Open to Reason

Muslim Philosophers in Conversation with the Western Tradition

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Souleymane Bachir Diagne
Religion, Culture, and Public Life
  • New York, NY: 
    Columbia University Press
    , August
     136 pages.
     For other formats: Link to Publisher's Website.


Open to Reason: Muslim Philosophers in Conversation with the Western Tradition is an English translation of Souleymane Bachir Diagne’s short but exceedingly rich Comment philosopher en Islam?, first published in 2008. Diagne’s aim is to draw attention to the philosophical spirit that has been present in Islam from its inception and, to this end, he offers a potted history of Islamic philosophy, or at least of some of Islam’s interactions with Western philosophy. The book consists of ten chapters, each of which focuses on philosophers from either the classical period (9th – 12th centuries) or the modern (19th – 20th centuries), and a brief conclusion.

Chapter 1 (“And how to not philosophize?”) offers a brief history of the Qur’an and an account of how Islamic philosophizing arose as a result of the disputes between the Shi’a and Sunni communities over who should be considered the prophet Muhammad’s rightful successor as “commander of the faithful” (3). Both sides believed the answer could be reached through fidelity to Muhammad and to his message in the Qur’an, but as Diagne notes, “when the meaning of fidelity itself proves to be a matter of speculation, how not to philosophize?” (4). Other philosophical questions that soon emerged concerned predestination, free will, how to understand the Qur’an itself, and in particular, how best to understand God, especially in light of some of the more anthropomorphic descriptions found in the text. Conversely, literalists opposed the use of reason and philosophy, fearing that those who overuse reason become unbelievers. Diagne’s own sympathies become clear early on as he stresses that philosophizing is inevitable, “because the revelation speaks to those who are human and think, there is never a zero degree of interpretation, and literalism is merely onereading, though it pretends not to be” (10, cf. 64).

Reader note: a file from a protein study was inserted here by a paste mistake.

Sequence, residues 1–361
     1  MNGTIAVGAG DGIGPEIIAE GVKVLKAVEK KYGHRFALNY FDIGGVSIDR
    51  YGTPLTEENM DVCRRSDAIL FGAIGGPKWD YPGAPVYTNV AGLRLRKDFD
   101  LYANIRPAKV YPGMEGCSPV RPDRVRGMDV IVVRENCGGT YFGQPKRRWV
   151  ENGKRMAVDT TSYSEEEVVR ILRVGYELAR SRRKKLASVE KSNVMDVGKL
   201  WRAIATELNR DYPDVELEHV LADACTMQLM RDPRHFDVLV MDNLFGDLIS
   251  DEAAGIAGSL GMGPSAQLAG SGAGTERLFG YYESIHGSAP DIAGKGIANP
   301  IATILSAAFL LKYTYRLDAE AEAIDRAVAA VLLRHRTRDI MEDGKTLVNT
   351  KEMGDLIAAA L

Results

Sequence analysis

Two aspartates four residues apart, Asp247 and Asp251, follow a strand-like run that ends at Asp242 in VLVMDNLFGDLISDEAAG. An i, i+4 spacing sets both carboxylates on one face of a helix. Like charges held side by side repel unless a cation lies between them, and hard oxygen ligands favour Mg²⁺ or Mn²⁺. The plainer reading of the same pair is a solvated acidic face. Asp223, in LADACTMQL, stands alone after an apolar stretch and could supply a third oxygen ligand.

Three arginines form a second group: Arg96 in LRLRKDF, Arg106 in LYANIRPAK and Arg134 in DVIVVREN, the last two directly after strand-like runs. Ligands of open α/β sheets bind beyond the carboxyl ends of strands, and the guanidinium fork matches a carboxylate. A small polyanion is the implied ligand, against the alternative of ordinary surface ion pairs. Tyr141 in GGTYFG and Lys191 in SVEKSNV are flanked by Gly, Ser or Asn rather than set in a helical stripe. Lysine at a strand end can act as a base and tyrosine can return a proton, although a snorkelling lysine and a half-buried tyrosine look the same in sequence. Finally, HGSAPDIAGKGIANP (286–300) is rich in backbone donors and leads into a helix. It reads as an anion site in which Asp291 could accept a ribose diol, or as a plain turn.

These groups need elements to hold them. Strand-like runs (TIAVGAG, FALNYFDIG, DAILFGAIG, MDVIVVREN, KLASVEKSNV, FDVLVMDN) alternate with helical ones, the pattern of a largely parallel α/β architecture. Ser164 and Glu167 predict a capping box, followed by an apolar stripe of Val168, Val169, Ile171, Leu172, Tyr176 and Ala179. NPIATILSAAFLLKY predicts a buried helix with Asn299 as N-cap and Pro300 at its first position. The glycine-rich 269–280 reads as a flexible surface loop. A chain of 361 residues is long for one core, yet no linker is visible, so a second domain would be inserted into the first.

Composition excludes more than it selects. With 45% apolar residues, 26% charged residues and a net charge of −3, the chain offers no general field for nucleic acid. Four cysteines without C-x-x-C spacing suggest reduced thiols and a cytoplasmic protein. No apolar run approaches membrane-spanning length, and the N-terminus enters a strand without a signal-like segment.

Chapter 2 (“How a language becomes philosophical) concerns the early engagement with the philosophy of Aristotle, along with the resulting efforts to make Arabic a philosophical language and the resistance such efforts encountered from linguistic purists such as Sirāfī (c. 893-979 CE), who believed in preserving “the correct and usual modes of speaking” (21) against the imposition of neologisms and foreign syntax. In chapter 3 (“What does it mean for a philosophy to be Islamic?”), Diagne explains that in relation to events such as the transport and ascent of Muhammad, the task of the philosopher was “to interpret, according to reason and its concepts, that which appears to be a story addressed to the imagination” (25), which is then illustrated by Avicenna’s (980-1037 CE) NeoPlatonic account of the ascent of Muhammad. Chapter 4 (“Against philosophy”) charts al-Ghazālī’s (1058-1111 CE) attempts to determine where one might find certainty, which led him to reject the senses and reason, instead advocating mysticism as the true path of illumination. Chapter 5 (“A lesson in ecological philosophy”) focuses on Ibn Tufayl’s (c. 1105-1185 CE) philosophical novel Hayy ibn Yaqzān, in which the protagonist grows up alone on a desert island and, using only his inborn resources of reason, manages to attain knowledge of God and the proper way to orientate himself towards both God and his creation. Chapter 6 (“The obligation to philosophize”) is the last one to concern the classical period; it focuses on Averroes (1126-1198 CE) and his belief that the harmony between religion and philosophy meant that there could be no conflict between the truths of one and the truths of the other, as well as his argument that the study of philosophy is a religious duty, at least for those possessing the right disposition for philosophy.